HADRIAN, Roman emperor (117-138 A.D.), distin-guished for the peace and beneficent energy of his govern-ment, was born at Rome 76 A.D. His full name was Publius ZElius Hadrianus; his ancestors, originally' from Picenum, had been settled at Italica in Spain since the time of the Scipios. He lost his father at the age of ten, and was placed under the guardianship of Trajan, a cousin of his father and also a native of Italica, who was already a conspicuous man in the Roman army. We know little of Hadrian's youth; but he gave early promise of the readiness and versatility which distinguished him in later life, for he was so ardent a student of Greek that men nicknamed him Graeculus. At fifteen he entered on the practical career of war and government which befitted a Roman, and grew fond of the chase even to excess. Patronized by Trajan and assisted by powerful friends he rose rapidly, filling successively all the civil and military offices, which now, as under the republic, were open to young men of good birth. On Trajan's elevation to the empire Hadrian was the first to congratulate him. He served with distinction in both the Dacian campaigns; in the latter Trajan presented him with the ring he had received from Nerva, a proof of his regard which justified him in aspiring to be his successor. If Trajan was not always favourably disposed towards Hadrian, the good-will of the empress Plotina never failed him, and was particularly helpful in some of the most criti-cal turning points of his career. She it was who secured his alliance with Sabina, granddaughter of the emperor's sister, a marriage, however, which proved anything but happy. She, it was thought, did him still more effectual service at Trajan's death, even determining the question of the succession in his favour. When that emperor returned from his victorious war in Parthia, the succession was still undecided; and we are assured on the express testimony of Dion Cassius that Plotina and her friends concealed his death for several days in order to facilitate the elevation of Hadrian. Whatever may have been the truth of such stories, Hadrian's claim to the empire rested on the unquestionable fact that he was the fittest man. His position as prefect of Syria, and commander of the legions with which Trajan had prostrated the Parthian empire, made him supreme in the army, while his peaceful disposition and civil demeanour must have made him acceptable to the senate. Yet he was not unconscious of the insecurity of his position; for he hastened to propitiate the army by a donation of twice the usual amount, and to excuse his abrupt elevation to the senate by alleging the impatient zeal of the soldiers and the welfare of the state, which could not exist without an " imperator." The first important act of Hadrian was to abandon the late conquests of Trajan, and again to make the Euphrates the eastern boundary of the empire. At his elevation the provinces were unsettled, and the barbarians on the frontier restless and menacing. He was convinced that the old limits of Augustus offered the most defensible frontier, and that the energy of the emperor was sufficiently occupied in governing the provinces already won. This policy of renunciation was ascribed to jealousy of Trajan; but history has recognized its wisdom. While arranging the affairs of the East, Hadrian had an opportunity of pardoning some eminent citizens who were accused of hostility to him, and after his return to Rome he confirmed his popularity by many gracious acts. Modestly declining the honours heaped upon himself, he carefully rendered the last offices to the deceased emperor, and considerably lightened the burdens of the citizens. During an absence in Mcesia, where he had gone to compose some troubles with the Sarmatae and Roxolani, a formidable conspiracy was formed against him. The details are obscure ; but four consular men, among the most eminent of Rome, were accused of being concerned in it, and were put to death. Some, however, went so far as to say that the con-spiracy was a scheme devised by Hadrian for getting rid of dreaded rivals. It was a dark transaction which threw a suspicion on his character. On his return to Rome he exerted himself to undo the evil effects of it by a generous and popular policy. Towards the senate he expressed the utmost deference and consideration ; he admitted the most eminent of its members to familiar intercourse, raised them to the highest honours, and supplied the indigent with means to maintain their position. He was equally liberal to the body of the people, granting them a large donation of money, remitting the arrears of taxes for the last fifteen j/ears, and increasing the funds which Trajan had devoted to the alimentation of poor children. These measures of Hadrian might be criticized as the calculating policy of one who felt his position to be insecure, and who could afford to be generous to the city out of the revenues of the empire But such a theory could not apply to what is most characteristic in his rule,—his unwearying' care for the provinces and for the empire as a whole. He understood the true task of a Roman emperor better per-haps than any of his predecessors. More clearly than any of them he saw that the period of conquest was past, that an extension of the frontiers would only weaken the defen-sive power of the empire, that the time for consolidation and for softening the distinction between Rome and the provinces was come. While Trajan had been guilty of the anachronism of rivalling Alexander the Great, Hadrian made it the work of his life to become acquainted with the provinces, to learn their needs and resources, to improve and benefit them; he sought to be the effective ruler of the empire as a whole, and so was the first to realize the cosmopolitan task which his position im-posed. For this end he sought to obtain a personal knowledge of the people he had undertaken to govern. Leaving Rome in 119, he visited probably every pro-vince of the empire. After traversing Gaul he inspected the legions on the Rhine, and then crossed to Britain, where he built (121) the great rampart from the Tyne to the Solway which bears his name. He returned through Gaul into Spain, and then proceeded to Mauritania, where he suppressed an insurrection. We next find him in the East averting a war with Parthia by a timely interview with the king. From the Parthian frontier he travelled through Asia Minor and the islands to Athens, where he sojourned a considerable time, and so returned by Sicily to Rome, having made the circuit of the empire. After some stay at Rome he resumed his travels. It is impossible to fix the details of this second progress with any exactness. It was chiefly in the East; and he did not finally return to Rome till 134. Everywhere he left lasting traces of his restless and beneficent energy ; he built aqueducts and temples, and raised fortifications in suitable places; he inspected the details of the administration, learned to know the officials, and made himself at home in the military encampments. He was accompanied by a body of architects and artizans organized like a legion, whom he employed to gratify his passion for building in a truly imperial manner. Athens was the favoured scene of his architectural labours ; he added a new quarter to the city, and finished the temple of the Olympian Zeus. While Hadrian spent his life in inspecting the provinces, and was not disinclined to purchase peace by a subsidy to the restless tribes on the frontiers, he did not neglect the army. All along the frontier his legions stood in constant preparation for battle. He maintained a rigorous discipline ; the rules he drew up for the army long served as a kind of military code. He trained them to the severest exercises, and anticipated all complaint by sharing in their fatigues, walking bare-headed on a march of 20 miles a day, and partaking of their coarse fare of cheese, lard, and sour wine. The only important war in which this army was tested was the great rebellion of the Jews, which broke out in 131, and lasted for several years. The founding of a Roman colony on the site of Jerusalem, and an order of Hadrian forbidding the rite of circumcision, were the causes of the war. The Jews fought with the most resolute despair, and they were crushed only by a powerful army commanded by the best general of the empire. According to Dion, 580,000 Jews fell in battle. The whole country was reduced to a wilderness. But the loss of the Roman legions was so severe that in writing to the senate Hadrian omitted the customary formula :—" If you and your children are well, it is well; I and the army are well." In the later years of his life Hadrian discon-tinued his travels, and lived at Rome or near it. His health, which had been impaired by long exposure to the extremes of heat and cold, began to fail; and, what was worse, the dark and suspicious moods which had broken out occasionally in his earlier years became more frequent and fatal. His aged brother-in-law Servianus fell a victim to his jealousy ; his wife Sabina died, not without a rumour of poisoning. Most of those who had been his familiar friends, and had been raised by him to the highest offices, were superseded, or banished, or put to death. But his passion for architecture did' not abate. He built for his residence the great villa of Tibur, which was eight miles in circuit, and was a kind of epitome of the world, with miniatures of the most celebrated places in the provinces, and even of Hades. He built a splendid mausoleum, which has been the nucleus of the castle of St Augelo, and rebuilt several edifices at Rome. In these years he had to choose a successor. His first choice was iElius Verus, who did nothing to justify such a distinction. The next was Antoninus Pius, so called from the filial assiduity with which he cherished the last days and the memory of his adopted father. Antoninus saved him from suicide, to which his physical sufferings imj elled him, and from imbruing his hands in the blood of many noble Romans, who had provoked his moody and fickle temper. Hadrian died at Baiae, 138 A.D. The cruelty of his later life had so eclipsed the lustre of his early rule that the senate at first refused him divine honours, and were prevailed upon to grant them only at the urgent solicitation of Antoninus. In the travels and administrative energy of Hadrian we see only one side of his character. He had a versatile and many-sided mind, in which the faculty for command, specu-lative curiosity, and literary ambition were strangely blended. Not satisfied with the toils imposed on the laborious autocrat of the world, he sought to excel the Greek professors and artists each in his own special walk. In painting, sculpture, and music, in rhetoric and philo-sophy, he considered himself the competent rival and critic of men who had made these pursuits the work of a lifetime. The architect Apollodorus atoned for his frankness with his life. The more politic Favorinus, when reproached for yield-ing too readily to the emperor in some grammatical discus-sion, replied that it was unwise to dispute with the master of thirty legions. The product of Hadrian's pen which has been most celebrated is the dying address to his soul:—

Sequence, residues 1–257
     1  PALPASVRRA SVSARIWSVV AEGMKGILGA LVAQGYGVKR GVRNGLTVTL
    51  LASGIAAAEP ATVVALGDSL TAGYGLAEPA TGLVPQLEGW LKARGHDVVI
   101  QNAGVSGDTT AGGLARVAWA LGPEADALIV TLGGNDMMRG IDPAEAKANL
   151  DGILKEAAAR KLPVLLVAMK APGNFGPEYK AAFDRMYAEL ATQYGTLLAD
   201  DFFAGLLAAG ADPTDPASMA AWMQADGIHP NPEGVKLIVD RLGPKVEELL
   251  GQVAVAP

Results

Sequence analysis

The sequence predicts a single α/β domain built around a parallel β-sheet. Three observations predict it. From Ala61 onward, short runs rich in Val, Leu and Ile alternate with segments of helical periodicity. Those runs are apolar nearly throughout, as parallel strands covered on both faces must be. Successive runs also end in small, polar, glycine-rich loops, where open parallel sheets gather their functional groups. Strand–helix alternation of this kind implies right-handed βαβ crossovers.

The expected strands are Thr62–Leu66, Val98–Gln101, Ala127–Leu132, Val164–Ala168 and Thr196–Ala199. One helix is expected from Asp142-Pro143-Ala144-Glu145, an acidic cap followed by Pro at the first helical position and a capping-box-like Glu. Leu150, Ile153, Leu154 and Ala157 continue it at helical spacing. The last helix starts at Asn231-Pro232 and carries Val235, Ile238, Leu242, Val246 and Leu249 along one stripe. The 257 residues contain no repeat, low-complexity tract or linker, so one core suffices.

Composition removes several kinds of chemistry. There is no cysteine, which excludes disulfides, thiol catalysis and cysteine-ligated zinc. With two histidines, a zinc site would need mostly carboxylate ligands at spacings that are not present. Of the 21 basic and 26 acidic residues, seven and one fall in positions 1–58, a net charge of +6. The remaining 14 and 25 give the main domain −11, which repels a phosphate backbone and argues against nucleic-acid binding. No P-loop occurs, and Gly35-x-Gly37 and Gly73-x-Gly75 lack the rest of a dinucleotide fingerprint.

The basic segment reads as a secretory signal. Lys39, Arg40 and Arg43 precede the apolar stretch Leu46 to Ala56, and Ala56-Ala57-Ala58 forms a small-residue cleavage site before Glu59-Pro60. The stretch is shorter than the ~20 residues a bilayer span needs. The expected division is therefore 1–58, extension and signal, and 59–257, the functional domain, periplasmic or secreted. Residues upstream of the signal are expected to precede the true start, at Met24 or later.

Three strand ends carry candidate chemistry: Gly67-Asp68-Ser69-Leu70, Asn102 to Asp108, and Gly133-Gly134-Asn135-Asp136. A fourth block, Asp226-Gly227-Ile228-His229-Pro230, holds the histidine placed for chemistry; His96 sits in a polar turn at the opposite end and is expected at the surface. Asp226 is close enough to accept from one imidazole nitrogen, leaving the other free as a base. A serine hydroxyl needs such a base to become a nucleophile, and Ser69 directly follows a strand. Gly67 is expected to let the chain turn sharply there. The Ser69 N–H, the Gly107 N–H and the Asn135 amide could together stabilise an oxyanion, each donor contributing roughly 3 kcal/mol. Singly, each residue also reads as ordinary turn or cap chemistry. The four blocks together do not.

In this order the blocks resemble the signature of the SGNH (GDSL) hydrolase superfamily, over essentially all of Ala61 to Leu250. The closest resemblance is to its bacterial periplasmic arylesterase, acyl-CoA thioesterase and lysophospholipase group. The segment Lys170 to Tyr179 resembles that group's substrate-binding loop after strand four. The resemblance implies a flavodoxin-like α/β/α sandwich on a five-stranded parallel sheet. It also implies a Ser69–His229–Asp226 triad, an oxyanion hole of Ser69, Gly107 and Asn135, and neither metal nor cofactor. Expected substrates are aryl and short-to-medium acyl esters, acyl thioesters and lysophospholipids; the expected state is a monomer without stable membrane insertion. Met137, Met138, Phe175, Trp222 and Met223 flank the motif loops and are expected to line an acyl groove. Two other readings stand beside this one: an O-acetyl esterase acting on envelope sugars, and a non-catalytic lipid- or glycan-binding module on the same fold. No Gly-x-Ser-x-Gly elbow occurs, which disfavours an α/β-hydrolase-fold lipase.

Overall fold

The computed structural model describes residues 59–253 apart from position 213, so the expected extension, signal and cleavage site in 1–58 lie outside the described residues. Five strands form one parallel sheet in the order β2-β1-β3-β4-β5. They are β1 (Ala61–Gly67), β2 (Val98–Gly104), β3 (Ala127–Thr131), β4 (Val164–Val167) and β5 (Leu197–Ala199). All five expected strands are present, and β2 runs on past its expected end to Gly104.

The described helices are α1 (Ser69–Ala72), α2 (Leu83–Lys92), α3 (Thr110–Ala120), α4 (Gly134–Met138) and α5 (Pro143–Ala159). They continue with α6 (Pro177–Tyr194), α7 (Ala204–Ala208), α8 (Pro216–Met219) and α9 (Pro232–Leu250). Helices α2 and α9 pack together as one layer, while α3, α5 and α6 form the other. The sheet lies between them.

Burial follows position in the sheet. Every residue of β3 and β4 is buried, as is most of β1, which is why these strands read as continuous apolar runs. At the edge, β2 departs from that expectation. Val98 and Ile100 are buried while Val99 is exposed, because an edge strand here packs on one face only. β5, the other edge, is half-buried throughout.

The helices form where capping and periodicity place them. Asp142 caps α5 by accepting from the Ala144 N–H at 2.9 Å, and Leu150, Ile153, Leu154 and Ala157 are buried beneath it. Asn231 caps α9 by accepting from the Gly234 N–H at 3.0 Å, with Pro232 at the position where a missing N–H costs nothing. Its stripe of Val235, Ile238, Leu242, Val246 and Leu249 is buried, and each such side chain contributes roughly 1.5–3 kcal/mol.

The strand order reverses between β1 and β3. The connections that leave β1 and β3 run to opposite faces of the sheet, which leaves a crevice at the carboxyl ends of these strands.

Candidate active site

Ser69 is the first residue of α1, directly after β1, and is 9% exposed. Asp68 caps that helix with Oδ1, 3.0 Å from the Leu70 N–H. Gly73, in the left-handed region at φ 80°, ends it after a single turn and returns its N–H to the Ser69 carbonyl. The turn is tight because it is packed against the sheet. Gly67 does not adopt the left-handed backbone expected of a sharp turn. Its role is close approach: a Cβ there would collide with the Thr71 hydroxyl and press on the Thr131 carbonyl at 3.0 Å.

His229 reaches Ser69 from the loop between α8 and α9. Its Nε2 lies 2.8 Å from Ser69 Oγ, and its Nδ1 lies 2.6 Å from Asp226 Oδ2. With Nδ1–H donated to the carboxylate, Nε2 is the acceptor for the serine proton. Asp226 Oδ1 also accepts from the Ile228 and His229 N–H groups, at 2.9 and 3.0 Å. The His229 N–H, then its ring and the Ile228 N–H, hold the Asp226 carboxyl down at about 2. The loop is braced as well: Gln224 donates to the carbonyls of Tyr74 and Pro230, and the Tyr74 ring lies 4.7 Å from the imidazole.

" Animula vagula, blandula,
Hospes comesque corporis,
Qua? nunc abibis in loca
Pallidula, rigida, nudula ;
Nee, ut soles, dabis jocos ? "

Under Hadrian Salvius Julianus composed a " perpetual edict," which is supposed to have been a fixed code of some kind, but the exact significance of the edict is disputed. Still there can be no doubt that Boman law owes much to Hadrian.

The sources for Hadrian's life are unsatisfactory ; the chief are Spartianus in the Scriptores Historicae Augustae, and Dion Cassius as abridged by Xiphilinus, lib. lxix ; see also Aurelius Victor De Caesaribus, and Eutropius; for modern works consult Merivale's History of Oie Romans under the Empire ; Gregorovius, Gesch. Hadrians; and W. W. Capes's "Age of the Antonines" in the series Epochs of Ancient History. (T. K.)